Just like many other undergraduates, my academic career did not go without some unexpected twists and turns. Despite the stereotypes surrounding Asian American parenting (which I must say, are often true), my parents never steered me towards any specific subject during my early and later childhoods. By leaving me with the impression that they completely trusted whatever decision I made, I have always set high expectations for myself in response to that trust. In doing so, I placed myself in my own self-constructed cycle of constant apprehension and satisfaction without any proper guidance, like a rickety hamster wheel.
Unfortunately, the huge imbalance between the secondary education and the college education systems in North America almost threw me off. Even with a specialized high school education from the city, I was not prepared to enter college as a pre-med Biology major. And yet, here I am in my junior year as a pre-med English Literature major with a Biology minor and the beginnings of feeling like I am on the right track. However, do not be mistaken that I regret entering SUNY Geneseo as a Biology major. In fact, I definitely would not have gotten here without the two subjects clashing together. Read more
In my last blog post “Supply and Demand,” I wrote about how an individual’s environment severely affects their rights and, therefore, their identity. Depending on the environment, certain behaviors and actions are either stimulated or repressed because of their social and/or economic standpoint. Some areas restrict/control an individual’s ability to marry whoever they want, live wherever they want, work whatever job they want, etc. However, a person’s reaction depends on what they define their identity to be made of after these influences have affected them. In this case, will the backfire effect help or prevent positive progress from being made? Read more
Throughout this semester, I have also been taking Professor Melanie Blood’s “Brecht & Descendants” course which focuses on the socialist playwright Bertolt Brecht. As expected from a socialist, a lot of his works focus on class differences in socio-economical terms. Due to the overpowering influences of society created by these different statuses, the characters’ identities are often muted, especially in the 1900s. Different classes have different rights taken away and/or determined for them. On one hand, the daughters of the bourgeois might have no say in who they can marry depending on their parents’ wants. On the other hand, the working class have limited working opportunities and specific living areas based on the government. Keeping this in mind, a similar situation can be found in the world of voluntourism. Read more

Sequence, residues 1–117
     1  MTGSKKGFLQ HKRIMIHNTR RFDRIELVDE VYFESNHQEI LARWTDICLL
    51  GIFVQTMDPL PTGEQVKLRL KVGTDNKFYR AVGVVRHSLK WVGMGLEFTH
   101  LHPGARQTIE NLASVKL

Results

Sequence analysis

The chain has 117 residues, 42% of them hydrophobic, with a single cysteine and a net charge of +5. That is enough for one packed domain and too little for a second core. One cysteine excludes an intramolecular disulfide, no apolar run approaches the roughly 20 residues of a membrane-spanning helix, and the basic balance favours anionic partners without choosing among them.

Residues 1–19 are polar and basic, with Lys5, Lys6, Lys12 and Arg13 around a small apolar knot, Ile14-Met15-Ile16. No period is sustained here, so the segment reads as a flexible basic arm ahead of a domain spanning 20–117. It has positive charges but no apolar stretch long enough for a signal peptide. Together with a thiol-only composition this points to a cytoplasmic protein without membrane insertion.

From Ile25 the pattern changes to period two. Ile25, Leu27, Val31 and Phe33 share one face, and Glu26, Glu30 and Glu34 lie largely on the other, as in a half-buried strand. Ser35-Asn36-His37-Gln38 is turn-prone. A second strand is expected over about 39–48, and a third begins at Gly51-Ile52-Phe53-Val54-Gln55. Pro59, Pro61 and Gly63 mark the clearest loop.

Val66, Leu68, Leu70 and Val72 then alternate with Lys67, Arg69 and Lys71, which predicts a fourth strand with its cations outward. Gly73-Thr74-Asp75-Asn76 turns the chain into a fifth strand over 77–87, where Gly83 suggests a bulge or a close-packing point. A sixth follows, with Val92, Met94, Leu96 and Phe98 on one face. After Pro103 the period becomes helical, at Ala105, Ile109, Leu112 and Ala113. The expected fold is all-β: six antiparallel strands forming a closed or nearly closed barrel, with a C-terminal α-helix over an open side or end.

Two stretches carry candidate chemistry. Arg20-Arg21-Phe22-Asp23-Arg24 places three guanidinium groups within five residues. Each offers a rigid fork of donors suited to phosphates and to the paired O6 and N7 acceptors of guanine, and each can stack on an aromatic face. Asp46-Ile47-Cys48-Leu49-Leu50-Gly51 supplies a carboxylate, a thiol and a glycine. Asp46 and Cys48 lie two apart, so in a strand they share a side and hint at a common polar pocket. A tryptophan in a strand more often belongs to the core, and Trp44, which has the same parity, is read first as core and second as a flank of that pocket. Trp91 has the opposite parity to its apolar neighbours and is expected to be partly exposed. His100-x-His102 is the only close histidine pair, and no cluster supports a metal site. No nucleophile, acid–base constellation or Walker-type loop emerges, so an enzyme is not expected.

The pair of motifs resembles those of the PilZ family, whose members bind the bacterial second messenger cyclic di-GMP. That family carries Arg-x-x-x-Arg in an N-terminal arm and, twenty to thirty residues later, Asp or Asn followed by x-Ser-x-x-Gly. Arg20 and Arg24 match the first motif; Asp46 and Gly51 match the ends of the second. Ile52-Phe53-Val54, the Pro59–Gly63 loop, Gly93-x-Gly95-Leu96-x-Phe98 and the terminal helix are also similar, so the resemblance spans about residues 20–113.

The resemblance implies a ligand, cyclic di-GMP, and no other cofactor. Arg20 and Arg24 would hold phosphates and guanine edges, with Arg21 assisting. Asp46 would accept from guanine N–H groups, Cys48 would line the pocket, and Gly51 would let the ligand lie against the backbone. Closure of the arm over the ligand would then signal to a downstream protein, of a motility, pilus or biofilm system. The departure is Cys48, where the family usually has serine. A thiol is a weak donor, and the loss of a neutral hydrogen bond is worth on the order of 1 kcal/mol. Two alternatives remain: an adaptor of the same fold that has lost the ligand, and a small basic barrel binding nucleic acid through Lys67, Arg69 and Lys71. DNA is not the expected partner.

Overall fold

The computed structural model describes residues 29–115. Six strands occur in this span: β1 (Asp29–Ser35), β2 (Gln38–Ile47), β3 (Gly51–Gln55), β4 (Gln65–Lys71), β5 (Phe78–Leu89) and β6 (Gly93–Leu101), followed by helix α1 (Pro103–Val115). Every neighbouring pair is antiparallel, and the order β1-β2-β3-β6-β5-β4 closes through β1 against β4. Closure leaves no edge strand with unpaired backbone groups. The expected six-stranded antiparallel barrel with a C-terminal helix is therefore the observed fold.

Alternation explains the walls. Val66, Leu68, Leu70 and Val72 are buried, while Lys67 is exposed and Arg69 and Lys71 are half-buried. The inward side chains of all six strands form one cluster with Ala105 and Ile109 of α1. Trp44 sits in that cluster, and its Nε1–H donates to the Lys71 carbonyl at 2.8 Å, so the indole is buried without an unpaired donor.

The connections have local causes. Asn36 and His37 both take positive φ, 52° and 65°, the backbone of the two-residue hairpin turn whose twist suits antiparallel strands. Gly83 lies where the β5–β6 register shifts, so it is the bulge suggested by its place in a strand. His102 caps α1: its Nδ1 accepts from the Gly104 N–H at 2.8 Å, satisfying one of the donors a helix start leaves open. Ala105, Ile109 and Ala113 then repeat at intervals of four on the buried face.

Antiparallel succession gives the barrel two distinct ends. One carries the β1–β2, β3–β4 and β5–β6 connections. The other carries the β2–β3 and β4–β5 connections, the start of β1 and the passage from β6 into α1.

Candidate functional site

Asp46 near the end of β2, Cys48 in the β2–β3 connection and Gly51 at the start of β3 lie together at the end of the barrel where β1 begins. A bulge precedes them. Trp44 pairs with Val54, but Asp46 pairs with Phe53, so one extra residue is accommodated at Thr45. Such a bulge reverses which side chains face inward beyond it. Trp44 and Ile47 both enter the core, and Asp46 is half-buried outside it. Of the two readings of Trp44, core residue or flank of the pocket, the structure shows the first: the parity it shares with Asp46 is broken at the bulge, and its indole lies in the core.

As students, our knowledge is restrained and sometimes even limited by the structure set in educational institutions. Essentially, the basic foundation for the power structure in educational institutions is that the more knowledge you have, the more authority you own. In this system, epistemophilia and epistemophobia work hand in hand in the authorities of such institutions. On one hand, they crave more knowledge in order to gain more power. On the other hand, a fear of those “under” them expanding their intelligence is developed. In other words, an inferiority complex is found in the system. Of course, not every institution has this environment but, to me, it is usually seen in primary and secondary schools, where this philia often turns into an addiction of being in control of the youth’s education. Read more
Continuing Sakshi’s conversation in “Is Hope A Bad Thing?” on Zone One, I think that hope is a necessary component for change and transition. In Sakshi’s post, she discusses Mark Spitz’s connection between hope and the pre-apocalyptic world, in which Mark Spitz views hope as the equivalent to a “gateway drug” (222) because of the duality of its effects. While enveloping yourself in nostalgia may be a nice temporary reprieve, it is also dangerous to hold onto hope so tightly that it affects your safety in the situation you are currently in. Mark Spitz’s perspective is understandable, as hope is defined as a very risky precipice for his fellow survivors. However, I see hope as more of a middleman between the past and the future. Rather than feeling as if you are constantly on the brink of things, hope is an agent for a certain rite of passage. In Zone One, this rite of passage is named Post-Apocalyptic Stress Disorder (PASD). Read more
It’s true that the human population is full of unique individuals, for we are not a species that are meant to be carbon copies of each other. Despite our status as one species (or more like the remaining one after evolution) for hundreds of thousands of years, a deeply rooted xenophobia still exists in today’s modern world. Lately, the term “species” still un/conconsciously equates to “race” despite all the scientific evidence that says otherwise. Not everyone may have grown up in the same conditions as everyone else but that doesn’t mean we can’t be aware of these differences as a society and handle them in a respectable and appropriate manner. Read more
In fiction, villains are often flattened into two-dimensional characters who do nothing but wreak havoc and cause evil. People often do not realize that not all villains or to put it more lightly, bad characters, are immediately recognizable at first glance. Personalities are complex; just like their roles and purposes, they’re not as clear as black and white. This was hard to understand as a kid who was [is] an avid fan of Scooby Doo, Totally Spies, and other similar, classic weekend cartoons. Every new episode features a different villain with which we are told little to nothing about except their evil scheme for the day and that we must focus on conquering this wicked being by the end of our twenty minutes. Read more